Winning the waiting game

I have a question. It’s one of those random thoughts that cross my mind every now and again when I’m faced with the subject at hand: patience. If patience is a virtue, then why are we all expected to possess it? A virtue is a dignity, an honor, a statement of integrity. If indeed we are blessed with the attribute of patience, we often take it for granted.

Those of us, most of us, it seems, who aren’t quite so adept at waiting often become irritable and angry when forced to do so.

In the deep vortex of my cerebral matter, I have tried to understand patience, break it apart and put it back together again, trying to solve its puzzling conundrum. I have concluded that there are many types of patience. Most fall into two categories, short-term and long-term.

Short-term is the waiting in line for buzzer to go off so you can retrieve your Nappa Almond Chicken Salad Sandwich from Panera Bread. (That thing seems to take forever to light up and vibrate, especially when you’re hungry. And when it finally does, it kind of makes you jump.) In short, no pun intended, short-term patience is the mundane waiting that is inevitable in every-day life.

That is not the kind of patience that is interesting or critically important. Long-term patience, I think, is the real virtue. This type of patience involves a great deal of self-control and sheer will power and determination. Everything from waiting for potted herb plants to sprout (which take forever!) to graduating from high school requires a form of long-term patience.

I think patience is both an inane instinct and learned behavior for humans. All athletes, especially endurance athletes, are familiar with patience and good ones learn to use it to their advantage. Patience plays a role in every sport. In fast-paced sports, taking too big a risk too early in the game can cause some serious trouble. Runners and cyclists must strategize their pace and pass other competitors at precise times during a race. Tennis and volleyball pros wait until their set up for that perfect shot before they assert their ultimate aggression.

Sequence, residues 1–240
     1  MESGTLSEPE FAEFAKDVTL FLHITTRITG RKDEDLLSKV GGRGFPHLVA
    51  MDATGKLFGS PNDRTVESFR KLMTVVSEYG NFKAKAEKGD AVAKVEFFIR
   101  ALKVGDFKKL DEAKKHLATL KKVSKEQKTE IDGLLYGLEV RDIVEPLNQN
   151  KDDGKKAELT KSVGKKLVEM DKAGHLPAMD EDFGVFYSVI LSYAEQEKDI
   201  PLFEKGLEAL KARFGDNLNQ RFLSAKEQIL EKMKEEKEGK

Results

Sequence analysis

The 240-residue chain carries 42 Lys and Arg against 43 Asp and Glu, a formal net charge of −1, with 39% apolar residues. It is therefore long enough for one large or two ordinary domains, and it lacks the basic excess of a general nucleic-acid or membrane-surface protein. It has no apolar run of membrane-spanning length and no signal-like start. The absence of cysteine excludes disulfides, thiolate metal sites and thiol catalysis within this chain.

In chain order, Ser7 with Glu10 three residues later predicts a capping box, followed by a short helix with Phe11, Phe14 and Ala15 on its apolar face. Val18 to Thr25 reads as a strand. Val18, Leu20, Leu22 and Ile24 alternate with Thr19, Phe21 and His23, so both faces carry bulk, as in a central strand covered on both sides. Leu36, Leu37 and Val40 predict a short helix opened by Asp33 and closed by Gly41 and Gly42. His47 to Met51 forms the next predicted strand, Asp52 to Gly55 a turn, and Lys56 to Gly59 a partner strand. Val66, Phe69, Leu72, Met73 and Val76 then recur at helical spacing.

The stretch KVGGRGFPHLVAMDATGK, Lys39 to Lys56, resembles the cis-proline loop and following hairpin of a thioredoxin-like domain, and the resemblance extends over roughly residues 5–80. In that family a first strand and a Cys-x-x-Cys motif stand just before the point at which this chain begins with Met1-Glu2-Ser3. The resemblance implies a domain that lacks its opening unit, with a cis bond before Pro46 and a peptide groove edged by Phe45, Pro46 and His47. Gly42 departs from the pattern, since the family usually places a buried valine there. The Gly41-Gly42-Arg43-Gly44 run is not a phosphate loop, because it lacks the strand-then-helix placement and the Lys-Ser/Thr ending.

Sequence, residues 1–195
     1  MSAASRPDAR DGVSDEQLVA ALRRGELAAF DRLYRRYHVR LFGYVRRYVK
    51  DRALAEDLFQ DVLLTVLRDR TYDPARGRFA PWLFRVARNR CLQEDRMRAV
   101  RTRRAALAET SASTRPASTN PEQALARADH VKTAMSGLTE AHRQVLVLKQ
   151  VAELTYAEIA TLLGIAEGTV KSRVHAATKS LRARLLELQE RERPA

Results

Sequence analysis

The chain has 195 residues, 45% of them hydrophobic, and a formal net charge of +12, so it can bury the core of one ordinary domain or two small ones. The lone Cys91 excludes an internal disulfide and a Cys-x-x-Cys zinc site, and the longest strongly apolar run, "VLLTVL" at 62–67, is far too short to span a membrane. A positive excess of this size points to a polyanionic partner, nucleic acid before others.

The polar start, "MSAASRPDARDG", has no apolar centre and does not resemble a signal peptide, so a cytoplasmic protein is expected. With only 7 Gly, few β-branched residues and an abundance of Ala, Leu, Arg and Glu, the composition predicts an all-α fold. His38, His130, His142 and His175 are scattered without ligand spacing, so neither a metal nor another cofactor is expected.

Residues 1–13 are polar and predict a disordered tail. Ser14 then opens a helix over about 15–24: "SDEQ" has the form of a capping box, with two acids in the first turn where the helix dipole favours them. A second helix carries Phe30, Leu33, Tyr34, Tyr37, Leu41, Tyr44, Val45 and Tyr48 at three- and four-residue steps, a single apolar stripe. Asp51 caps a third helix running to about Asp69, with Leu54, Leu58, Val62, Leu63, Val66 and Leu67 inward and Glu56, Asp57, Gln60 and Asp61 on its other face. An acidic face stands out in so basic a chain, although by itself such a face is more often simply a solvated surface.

Surfers are very well acquainted with the virtue as well. Waiting for that right wave can be boring, frustrating, and downright agonizing. But good surfers know that it’s totally worth it, as do all athletes who have perfected the art of being patient.

I myself go back and forth with the whole patience thing. I like to think I’m quite forbearing, but I was notorious for swinging too early in the batter’s box. I think it was fear, the anxious nervousness that comes with the slightest bit of insecurity. I think that’s where lack of patience stems from.

When you’re not quite sure of yourself, or your abilities, rather, you tend to jump on the smallest opportunities in fear of missing something. Like an antsy surfer that pounces on a puny wave, or the batter that takes a swing at the first decent pitch, being anything less than confident and therefore constricts you from unleashing your true potential.

Waiting too long or being overly confident has its down side as well, but few people find that a problem. There is a fine, finicky line with this patience thing. Good athletes have it down to a science. But it’s not about counting minutes or seconds. They sense when it’s the right time. They can feel it. Their bodies and minds are so in tune and so keenly aware of their environment that it becomes subconsciously effortless.

So I guess patience is a virtue. But it can be a learned virtue, young grasshopper.

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